Cork vs. Screwcap: The Never Ending Debate

wine, corks, screwcaps, closures, wines, screwcap+debate, cork+screwcap, debate+rages
We are a little torn on the screwcap vs. cork debate. On the one hand, the ease of opening and resealing a wine bottle that uses a screwcap closure is wonderful. On the other hand, a bit of the romance is lost when you don’t hear that “pop” when you crack open a bottle. Plus, we plan on starting to collect corks. We want to save the corks from every bottle we drink. The corks from special occasions get set aside. The others go into a cork cage. There are grand plans to make a cork board similar to this one someday. Screwcaps don’t exactly inspire nostalgia like wine corks do.
However, more and more wine producers are turning to the screwcap – and not just for lower-end wines. Way back in 2006 the Wall Street Journal reported that cork is fast losing ground:

The cork has nearly disappeared from Australia’s domestically produced – and broadly exported – wines. In California, screw caps are no longer reserved for jug wines: The $155-a-bottle Plumpjack Reserve Cabernet is a twist-off. Even France, the country most reluctant to abandon a corky tradition, is flirting with alternatives. Earlier this year, Maison Jean-Claude Boisset became the first to do away with corks on a grand cru red burgundy, sealing half its $200-a-bottle 2005 Chambertin with screw caps.

Experts cite tricholoanisole (TCA, or the chemical that causes a wine to become “corked”) as the primary reason producers are shifting to other methods of closure. However, screwcaps are not without their own problems. Corks allow very small amounts of oxygen into the wine. A screwcap can seal the bottle so tightly that no oxygen can get in, and that might cause a problem called “reduction.” Whereas a bottle of “corked” wine has a distinct, moldly, off-putting smell, a bottle of wine sealed by a screwcap might eventually put off a smell of sulfur – equally unappealing our book.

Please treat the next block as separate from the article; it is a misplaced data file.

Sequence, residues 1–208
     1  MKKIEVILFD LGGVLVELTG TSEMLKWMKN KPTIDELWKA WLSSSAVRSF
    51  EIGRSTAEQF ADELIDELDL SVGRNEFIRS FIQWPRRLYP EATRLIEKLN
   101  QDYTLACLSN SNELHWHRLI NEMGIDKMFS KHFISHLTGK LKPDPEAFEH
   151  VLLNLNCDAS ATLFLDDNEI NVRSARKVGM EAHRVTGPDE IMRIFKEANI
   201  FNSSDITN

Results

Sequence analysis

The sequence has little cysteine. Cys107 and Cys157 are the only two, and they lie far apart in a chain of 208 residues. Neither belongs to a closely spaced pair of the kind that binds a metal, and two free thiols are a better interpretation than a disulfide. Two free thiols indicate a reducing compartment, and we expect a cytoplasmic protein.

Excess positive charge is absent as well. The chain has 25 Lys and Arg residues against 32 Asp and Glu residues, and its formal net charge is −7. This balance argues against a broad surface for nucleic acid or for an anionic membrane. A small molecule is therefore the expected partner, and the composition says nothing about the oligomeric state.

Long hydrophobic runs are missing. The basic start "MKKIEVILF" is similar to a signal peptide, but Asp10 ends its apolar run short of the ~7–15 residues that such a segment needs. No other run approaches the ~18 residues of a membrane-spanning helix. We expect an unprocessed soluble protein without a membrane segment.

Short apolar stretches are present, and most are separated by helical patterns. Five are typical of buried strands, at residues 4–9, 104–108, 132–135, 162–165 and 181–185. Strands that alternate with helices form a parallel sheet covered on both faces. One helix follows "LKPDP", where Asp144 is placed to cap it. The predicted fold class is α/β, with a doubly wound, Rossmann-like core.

We doubt the question of which is the better closure will be answered anytime soon. But we suppose we should start perfecting my method of removing wine labels, just in case corks become a rare commodity. For now we are corking bottles of Happy Hour Cellars.

What are your thoughts on this debate? Let us know in the comments section below.

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One Comment Add yours

  1. Greg says:

    Love the article

    Liked by 1 person

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